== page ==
We’ll not alarm the kindness of her nature,

And for myself, come danger as it may,

I have no fears:—Carasco, you beheld

The young Orissa perish in the bloom

Of widowed beauty: you beheld her march,

Fondly observant of our Indian rites,

Nor moved by the dissuasive cries of friendship,

Thrice round the pile, which held the hallowed corse

Of her departed lord; then far within

The leafy bower, whose arches crowned the pile,

Take her firm seat as on a throne of glory,

With dignity undaunted, while her hand

Unshaken, kindled the consuming fire.



It was a sight, that memory cannot lose.



You saw her with a smile of triumph, mock

The mounting blaze, which through her wasted frame

Shot thrilling agony, yet failed to force

One plaintive sigh from her superior soul:

Think of this scene, the subject of your wonder,

And know Velora’s willing heart would bear

Those tortures twentyfold to save Sylveyra

But to my father!



Noble, fearless girl,

I worship thy warm heart; and by my sword

Will freely stake my safety for thy service.








Garcia no more! thy intercession’s vain:

Honor forbids us to recall this mandate

Of just correction.



Think on whom it falls!

On one whom your fond bounty long has cherished

E’en as your child: the trust of a brave friend.

Who dying left you this rich legacy,

This sacred pledge of confidence and honor

Still to be worn with pride upon the heart.



Away! for all you plead in his defence

Turns to the aggravation of his guilt,

And sanctifies my sentence.



Think, my lord,

This is no trifling business! it demands

Most deep discussion; for on this award

Hangs all the glory of your life to come,

Nay all your honors past; if these are dear,

You must revoke this wrong, unguarded sentence;

You must, by Heaven, you must.



Garcia, beware!

Relying on our ancient amity,

Thou dost presume too far upon my patience.



Let fawning flattery be struck dumb with fear,

When her proud idol frowns! ’tis friendship’s glory,

In spite of quick resentment’s random fire,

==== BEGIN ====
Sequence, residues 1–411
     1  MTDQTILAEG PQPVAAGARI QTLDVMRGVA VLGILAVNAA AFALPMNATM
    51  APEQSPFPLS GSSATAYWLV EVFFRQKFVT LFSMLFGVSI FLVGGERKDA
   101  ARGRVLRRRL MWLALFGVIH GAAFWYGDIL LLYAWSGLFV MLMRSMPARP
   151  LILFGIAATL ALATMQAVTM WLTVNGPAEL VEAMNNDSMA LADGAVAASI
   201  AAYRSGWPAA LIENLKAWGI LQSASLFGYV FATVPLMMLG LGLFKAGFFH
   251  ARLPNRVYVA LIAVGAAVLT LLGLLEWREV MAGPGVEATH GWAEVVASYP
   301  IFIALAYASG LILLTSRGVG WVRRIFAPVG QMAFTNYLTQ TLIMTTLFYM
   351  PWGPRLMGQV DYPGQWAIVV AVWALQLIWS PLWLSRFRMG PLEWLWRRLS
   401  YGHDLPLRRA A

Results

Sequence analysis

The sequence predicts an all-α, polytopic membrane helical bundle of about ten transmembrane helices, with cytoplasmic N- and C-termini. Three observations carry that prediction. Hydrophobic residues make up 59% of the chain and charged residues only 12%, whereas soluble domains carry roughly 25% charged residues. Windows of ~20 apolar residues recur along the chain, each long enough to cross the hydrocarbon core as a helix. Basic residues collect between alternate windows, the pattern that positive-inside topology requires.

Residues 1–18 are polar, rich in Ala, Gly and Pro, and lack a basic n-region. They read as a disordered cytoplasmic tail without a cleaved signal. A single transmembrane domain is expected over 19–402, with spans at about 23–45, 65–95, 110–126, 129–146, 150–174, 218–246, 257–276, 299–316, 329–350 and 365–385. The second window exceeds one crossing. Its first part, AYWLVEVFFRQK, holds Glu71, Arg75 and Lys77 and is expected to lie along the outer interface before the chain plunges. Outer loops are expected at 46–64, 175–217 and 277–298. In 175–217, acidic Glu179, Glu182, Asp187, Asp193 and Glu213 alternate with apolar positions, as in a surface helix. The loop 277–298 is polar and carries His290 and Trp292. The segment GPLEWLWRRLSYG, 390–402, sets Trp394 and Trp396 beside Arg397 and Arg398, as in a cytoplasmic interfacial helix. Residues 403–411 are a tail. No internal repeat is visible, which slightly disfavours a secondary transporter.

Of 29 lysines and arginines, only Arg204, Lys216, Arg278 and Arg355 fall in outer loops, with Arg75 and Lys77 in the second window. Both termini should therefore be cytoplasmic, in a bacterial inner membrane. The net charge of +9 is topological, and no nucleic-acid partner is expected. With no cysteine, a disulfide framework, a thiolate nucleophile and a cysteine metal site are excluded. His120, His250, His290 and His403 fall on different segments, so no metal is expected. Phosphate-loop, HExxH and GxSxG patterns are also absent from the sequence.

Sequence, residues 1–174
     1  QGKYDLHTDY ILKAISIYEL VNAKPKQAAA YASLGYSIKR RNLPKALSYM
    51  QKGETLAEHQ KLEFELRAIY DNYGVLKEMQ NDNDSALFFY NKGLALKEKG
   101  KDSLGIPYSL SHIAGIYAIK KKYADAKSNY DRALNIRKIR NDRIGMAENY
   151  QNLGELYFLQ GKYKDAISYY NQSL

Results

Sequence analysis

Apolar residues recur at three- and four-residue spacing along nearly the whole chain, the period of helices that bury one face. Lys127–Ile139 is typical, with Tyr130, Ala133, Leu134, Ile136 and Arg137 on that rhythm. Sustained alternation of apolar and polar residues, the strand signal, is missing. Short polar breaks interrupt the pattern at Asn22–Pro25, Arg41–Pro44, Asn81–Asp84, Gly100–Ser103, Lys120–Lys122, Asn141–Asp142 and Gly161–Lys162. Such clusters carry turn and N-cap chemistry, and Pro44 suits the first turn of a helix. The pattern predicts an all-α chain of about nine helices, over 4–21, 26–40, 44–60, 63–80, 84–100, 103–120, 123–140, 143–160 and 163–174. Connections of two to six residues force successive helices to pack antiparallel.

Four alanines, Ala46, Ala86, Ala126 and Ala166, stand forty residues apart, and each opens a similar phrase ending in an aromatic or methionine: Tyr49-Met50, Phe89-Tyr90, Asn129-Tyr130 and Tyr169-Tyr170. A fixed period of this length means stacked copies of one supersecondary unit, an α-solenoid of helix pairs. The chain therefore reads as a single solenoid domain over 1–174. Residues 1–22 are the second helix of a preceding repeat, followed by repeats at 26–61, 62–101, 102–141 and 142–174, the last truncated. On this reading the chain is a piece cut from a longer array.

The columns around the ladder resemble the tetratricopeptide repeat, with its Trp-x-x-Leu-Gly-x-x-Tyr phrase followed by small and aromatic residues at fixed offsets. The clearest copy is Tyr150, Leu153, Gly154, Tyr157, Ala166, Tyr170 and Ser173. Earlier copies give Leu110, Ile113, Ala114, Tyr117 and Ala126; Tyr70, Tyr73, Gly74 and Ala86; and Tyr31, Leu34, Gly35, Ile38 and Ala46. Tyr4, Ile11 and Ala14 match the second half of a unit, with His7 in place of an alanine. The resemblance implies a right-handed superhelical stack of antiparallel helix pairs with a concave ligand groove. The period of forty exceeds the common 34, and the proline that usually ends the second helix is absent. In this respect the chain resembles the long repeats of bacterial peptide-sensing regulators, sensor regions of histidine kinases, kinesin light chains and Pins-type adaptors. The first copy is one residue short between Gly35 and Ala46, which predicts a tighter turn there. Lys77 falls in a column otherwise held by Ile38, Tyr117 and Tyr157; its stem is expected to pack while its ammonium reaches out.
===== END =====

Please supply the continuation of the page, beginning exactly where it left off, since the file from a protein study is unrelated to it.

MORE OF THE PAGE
To persevere in her most noble duty,

And counter-work the mines of treacherous passion.



And thou art come, most sapient monitor,

To teach us wisdom, honesty and virtue.



Yes! I will hold a faithful mirror to thee,

And shew thy troubled mind its own distortion;

Will hold it, tho’ insulted with thy scorn,

E’en till that mind resume its native features,

And thank me for the service. Noble friend,

I know, thou dost believe thy sentence just:

But dive into thy heart, and thou wilt find

Velora’s beauty, is Sylveyra’s guilt.



Leave us, presumptuous counsellor! thou canst not

Make firm authority revoke his mandate

By the vain preaching of thy pedant pride.



No! Castro, no I cannot, dare not yield thee

To the dominion of this tyrant passion,

Which may --



O! patience Heaven! shall I forever

Be rated thus by insolent dependants?



Unhappy Castro! like a drowning wretch,

In a blind struggle, thou dost beat away

The very arm extended for thy safety;

Yes! I will leave thee on thy proud dismission;

May mightier visitation from above

Irradiate thy dark mind! may Isabel,

That blessed saint, that martyr of thy love,

Descend to watch o’er thy disordered spirit!

And dispossess thee of this jealous fiend,

Ere his blind fury gain increasing force,

And hurry thee to deeds of deepest horror!

Farewell! great injured mind, farewell!



Yet stay!

My Garcia, stay!—tbou hast pronounced a name,

Whose very sound’s a sacred charm, of power

To melt the obdurate pride of fiercest anger.

Oh Isabel! thy wrongs are all revenged,

In the wild horrors of this troubled heart:

Garcia, I think, I know, thou art my friend;

But there’s a rigor in thy steady soul,

That will not give thee even power to guess

The agonies of weaker minds:—by Heaven

I hate my own infirmity of nature;

And by my life I am ashamed to tell thee,

How this fierce love has preyed upon my soul,

Absorbing every faculty.


GARCIA, [aside.]

Now, friendship,

Aid me to make e’en passion’s self the means

To work his preservation.



This sweet Indian

Haunts my wild fancy still:—-in every change

Of day, of night, of place, of occupation       

I see her in the vacancies of air:

I hear her magic voice in midnight silence:

And find the spirit of my life consumed

In this encreasing flame of fierce desire.



Now Castro! I perceive a glimpse of hope,

That thy fond wish may yet succeed.



Say how!

Dear Garcia, say! O give me all thy meaning!



Release Sylveyra!—shew the soft Velora